To determine if a stay of discovery is appropriate, the court considers whether the pending motion is potentially dispositive of the entire case; whether the motion can be decided without additional discovery; and whether the court is convinced that the plaintiff cannot state a claim for relief. Kor Media Group, LLC v. Green, 294 F.R.D. 579, 581 (D. Nev. 2013); First Am. Title Ins. Co. v. Commerce Assocs., LLC, No. 2:15-cv-832-RFB-VCF, 2015 WL 7188387, at *2 (D. Nev. Nov. 13, 2015). This evaluation requires the court to take a “preliminary peek” at the merits of the underlying dispositive motion. Tradebay, LLC v. eBay, Inc., 278 F.R.D. 597, 602-03 (D. Nev. 2011). This “preliminary peek” does not prejudge the outcome of the motion; it merely evaluates whether an order staying discovery is warranted. Id. at 603. In doing so, the court considers the goal of Federal Rule of Civil Procedure 1, which provides that the Rules should “be construed, administered, and employed by the court and the parties to secure the just, speedy, and inexpensive determination of every action.” With Rule 1 as its prime directive, the court must decide whether it is more just to speed the parties along in discovery while a dispositive motion is pending or to delay discovery to accomplish the inexpensive determination of the case. See Turner Broadcasting System, Inc. v. Tracinda Corp., 175 F.R.D. 554, 556 (D. Nev. 1997); see also Twin City Fire Ins. v. Employers Insurance of Wausau, 124 F.R.D. 652, 653 (D. Nev. 1989).

         III. DISCUSSION

         The court finds that under the circumstances of this case, a stay is warranted. The primary issue in this case is whether the HOA sale conducted under NRS 116.3116 et seq. extinguished plaintiff's interest in the Deed of Trust. Therefore, the motion for summary judgment hinges on this specific legal question.

         First, the summary judgment motion can be decided without any discovery, given that the essential claim is a matter of law. A string of three court cases are particularly relevant to this action: Bourne Valley Court Tr. v. Wells Fargo Bank, N.A.[1] (“Bourne Valley); SFR Investments Pool I, LLC v. U.S. Bank, N.A.[2] (“SFR”); and Saticoy Bay LLC Series 350 Durango 104 v. Wells Fargo Home Mortgage (“Saticoy Bay”)[3]. The Ninth Circuit Court of Appeals and the Supreme Court of Nevada are in tension with one another. Notwithstanding this, the Honorable Judge Jones held, “[t]he Bourne Valley ruling is enough to settle the quiet title and declaratory judgment claims in favor of . . . ” the beneficiary to the Deed of Trust “as a matter of law as to the HOA's foreclosure.” Las Vegas Dev. Grp., LLC v. Steven, No. 2:15-CV-01128-RCJ-CWH, 2016 WL 7115989, at *2 (D. Nev. Dec. 6, 2016), reconsideration denied, No. 215CV01128RCJCWH, 2017 WL 2259769 (D. Nev. May 23, 2017) (“Las Vegas”). Indeed, the facts of this case tightly track those of Las Vegas. Further, the United States Supreme Court chose not to resolve the split, by denying the petition for writ of certiorari in Bourne Valley. Therefore, it seems to this court that Bourne Valley likely supports plaintiff's claims as a matter of law.[4]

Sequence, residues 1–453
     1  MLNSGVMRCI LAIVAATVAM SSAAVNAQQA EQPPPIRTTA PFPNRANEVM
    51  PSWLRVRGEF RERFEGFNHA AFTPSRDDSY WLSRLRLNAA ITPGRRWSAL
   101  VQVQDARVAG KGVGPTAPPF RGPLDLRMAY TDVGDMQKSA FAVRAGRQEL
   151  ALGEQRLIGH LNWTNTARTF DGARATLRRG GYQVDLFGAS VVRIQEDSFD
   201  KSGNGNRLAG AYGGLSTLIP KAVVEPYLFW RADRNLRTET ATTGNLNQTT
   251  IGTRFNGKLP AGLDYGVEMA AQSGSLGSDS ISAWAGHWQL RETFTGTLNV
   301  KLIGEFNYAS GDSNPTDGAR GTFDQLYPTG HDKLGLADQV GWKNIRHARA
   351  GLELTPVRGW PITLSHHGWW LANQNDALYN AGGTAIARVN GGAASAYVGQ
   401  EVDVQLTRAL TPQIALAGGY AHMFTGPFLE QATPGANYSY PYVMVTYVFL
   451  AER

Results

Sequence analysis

Second, plaintiff's motion for summary judgement may well be dispositive of the entire case. Plaintiff requests summary judgment in its favor on its quiet title and declaratory relief claims on the bases that: (1) the Ninth Circuit found NR 116.3116 et seq. (as it existed prior to the 2015 amendments) facially unconstitutional in Bourne Valley, which, plaintiff contends, is the controlling authority in this case; (2) the HOA sale was conducted under this unconstitutional statute; and (3) the Declaration of Covenants, Conditions, and Restrictions does not give the HOA lien priority over a prior recorded first Deed of Trust and puts defendants on record notice that the first Deed of Trust would remain intact. (ECF No. 20).

         In response to the joint motion to stay discovery, defendants LVDG and TPI stated that the pending motion for summary judgment should be denied without prejudice and the action should be stayed in its entirety pending the United States Supreme Court's review of Bourne Valley. (See ECF No. 23). However, as discussed above, the United States Supreme Court has denied the petition for writ of certiorari filed in that case. Therefore, this court will not address this argument, as it is now moot.

         Finally, the court does not believe that defendants LVDG and TPI will suffer prejudice or hardship if discovery is stayed. In fact, their opposition does not raise any issues of potential hardship or prejudice, but ...